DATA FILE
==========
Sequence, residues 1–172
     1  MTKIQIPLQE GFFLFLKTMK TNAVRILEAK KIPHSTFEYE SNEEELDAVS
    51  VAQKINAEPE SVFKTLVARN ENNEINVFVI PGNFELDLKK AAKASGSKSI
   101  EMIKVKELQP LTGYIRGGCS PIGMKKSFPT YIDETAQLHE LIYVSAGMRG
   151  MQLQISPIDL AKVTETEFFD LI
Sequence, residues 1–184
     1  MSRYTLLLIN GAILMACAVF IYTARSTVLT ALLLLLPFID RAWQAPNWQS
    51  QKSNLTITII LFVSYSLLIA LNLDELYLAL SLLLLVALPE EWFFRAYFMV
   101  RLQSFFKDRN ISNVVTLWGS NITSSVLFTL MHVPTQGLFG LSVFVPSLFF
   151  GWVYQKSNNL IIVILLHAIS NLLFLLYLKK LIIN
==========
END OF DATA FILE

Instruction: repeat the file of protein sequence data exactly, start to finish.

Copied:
Sequence, residues 1–172
     1  MTKIQIPLQE GFFLFLKTMK TNAVRILEAK KIPHSTFEYE SNEEELDAVS
    51  VAQKINAEPE SVFKTLVARN ENNEINVFVI PGNFELDLKK AAKASGSKSI
   101  EMIKVKELQP LTGYIRGGCS PIGMKKSFPT YIDETAQLHE LIYVSAGMRG
   151  MQLQISPIDL AKVTETEFFD LI
Sequence, residues 1–184
     1  MSRYTLLLIN GAILMACAVF IYTARSTVLT ALLLLLPFID RAWQAPNWQS
    51  QKSNLTITII LFVSYSLLIA LNLDELYLAL SLLLLVALPE EWFFRAYFMV
   101  RLQSFFKDRN ISNVVTLWGS NITSSVLFTL MHVPTQGLFG LSVFVPSLFF
   151  GWVYQKSNNL IIVILLHAIS NLLFLLYLKK LIIN